The second Medal of Honor came after Thomas captured another regimental standard after being shot in the jaw, covering him in blood. When he returned with the standard to his own lines his brother George, whom he served as an aide, ordered him to report to the surgeon. Thomas refused and George had his brother placed under arrest and escorted to the rear. Following the Civil War, Thomas continued to serve with his brother on the plains, and died with him at the Battle of the Little Big Horn in June 1876. Another brother, Boston Custer, died in the same fight, as did several other relatives of the Custer family. George Armstrong Custer gained lasting fame, though his younger brother distinguished himself throughout his largely forgotten career.

5. Lewis “Chesty” Puller

The Navy Cross is awarded to members of the United States Navy, Marine Corps, and Coast Guard for extraordinary heroism. During a 37-year career in the Marines Corps, Lewis “Chesty” Puller received the Navy Cross five times. He also was awarded the US Army’s equivalent Distinguished Service Cross, the Silver Star, the Legion of Merit (twice), the Bronze Star, the Air Medal (three times) and the Purple Heart. Puller is credited as being the most decorated US Marine in the history of the Corps. He rose in the ranks from private to retire as a Lieutenant General.

Puller fought guerrillas in Haiti and Nicaragua during the 1920s, after receiving a commission following Officer Candidate School. During the interwar years he served in and later commanded Marine detachments on warships, served in China, and rose in rank to command a battalion on the eve of World War II. He received his first Navy Cross for actions in Nicaragua in the 1930, his third during the fighting on Guadalcanal (where he was wounded), and his fifth while commanding the First Marine Division in Korea in December 1950. His Silver Star was awarded for his actions in the invasion at Inchon during the Korean War. Puller remains a legend in the US Marine Corps, and is further honored with ships, buildings, and highways bearing his name. He died in Virginia in 1971.

4. Daniel J. Daly

It was the exploits of the US Marines in battle in France during World War I which inspired Chesty Puller to enlist in the Corps. Among the exploits were those of Daniel Joseph Daly, one of only 19 men to be awarded the Medal of Honor twice. Daly served in China during the Boxer Rebellion, where he held a position single-handedly, inflicting more than 200 casualties on the Boxers, who attacked him repeatedly. Daly held the position until reinforcements arrived, a feat for which he was awarded his first Medal of Honor. The second came 15 years later, after actions against the Haitian bandits. Daly was part of a small party of Marines ambushed by a party of 400 or more of the enemy. He was cited for “exceptional gallantry against heavy odds throughout this action.”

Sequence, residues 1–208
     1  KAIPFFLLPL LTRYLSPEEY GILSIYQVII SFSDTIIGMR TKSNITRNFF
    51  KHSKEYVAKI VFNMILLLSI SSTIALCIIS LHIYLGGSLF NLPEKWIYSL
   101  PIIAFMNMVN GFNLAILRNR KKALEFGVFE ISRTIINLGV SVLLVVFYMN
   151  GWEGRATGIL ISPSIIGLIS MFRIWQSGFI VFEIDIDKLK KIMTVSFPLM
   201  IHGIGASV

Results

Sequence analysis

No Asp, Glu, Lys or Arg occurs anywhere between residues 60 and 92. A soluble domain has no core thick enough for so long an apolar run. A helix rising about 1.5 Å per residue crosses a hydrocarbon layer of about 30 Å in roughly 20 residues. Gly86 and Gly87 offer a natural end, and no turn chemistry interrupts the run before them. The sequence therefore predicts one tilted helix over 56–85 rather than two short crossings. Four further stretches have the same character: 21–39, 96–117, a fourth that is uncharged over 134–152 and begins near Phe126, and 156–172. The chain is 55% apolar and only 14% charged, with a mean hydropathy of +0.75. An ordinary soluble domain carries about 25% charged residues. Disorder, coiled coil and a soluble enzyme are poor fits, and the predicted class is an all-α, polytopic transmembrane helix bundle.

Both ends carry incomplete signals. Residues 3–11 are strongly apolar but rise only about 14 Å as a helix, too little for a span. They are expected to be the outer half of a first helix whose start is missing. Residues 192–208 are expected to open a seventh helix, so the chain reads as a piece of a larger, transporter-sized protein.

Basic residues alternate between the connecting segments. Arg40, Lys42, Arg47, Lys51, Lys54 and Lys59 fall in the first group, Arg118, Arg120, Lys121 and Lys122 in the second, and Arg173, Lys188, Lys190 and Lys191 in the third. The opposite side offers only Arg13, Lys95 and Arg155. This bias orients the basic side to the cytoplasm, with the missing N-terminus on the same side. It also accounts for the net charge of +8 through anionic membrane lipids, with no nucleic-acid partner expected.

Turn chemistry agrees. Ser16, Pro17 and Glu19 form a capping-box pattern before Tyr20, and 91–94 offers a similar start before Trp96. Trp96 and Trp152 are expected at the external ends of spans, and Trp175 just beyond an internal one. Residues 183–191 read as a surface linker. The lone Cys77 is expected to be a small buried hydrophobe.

But it was during World War I, at the Battle of Belleau Wood, where Daly achieved his greatest fame in the Marine Corps. Under heavy artillery and machine gun fire, Daly called out to his fellow Marines, “Come on, you sons of bitches, do you want to live forever?” as he led a counterattack. It was successful. Along with his two Medals of Honor, Daly also received the Navy Cross, the Army’s Distinguished Service Cross, and the French Medaille Militaire, Croix de Guerre, and the Fourragere. Daly was close to becoming the only person to be awarded the Medal of Honor three times. After being recommended for the award by his commanders, bureaucrats in Washington decided three awards to one man was too much. He received the Navy Cross and DSC for his actions at Belleau Wood instead.

3. Jean Thurel

Jean Thurel, born in 1698 (or 1699, sources vary), had the distinction of living in three centuries when he died in 1807 at the age of 108. Seventy-five years of his long life were spent in the Touraine Regiment of the French Army, though some sources claim 90 years and others 92. He served under King Louis XV and Louis XVI, from 1716 to 1792. He was present at several of the notable European battles of the 18th century, including Minden, Fontenoy, and the siege of Kehl. In 1787, the 88-year old Thurel marched with his regiment from Tours to Brest, a distance of over 300 miles. Throughout his military career he remained a soldier in the ranks, disdaining promotion and continuing to serve as a fusilier, though his weapons and equipment changed. His extraordinary length of service made him the only man to receive the French award the Medal of the Two Swords – given for completing 24 years of service – an almost unbelievable three times.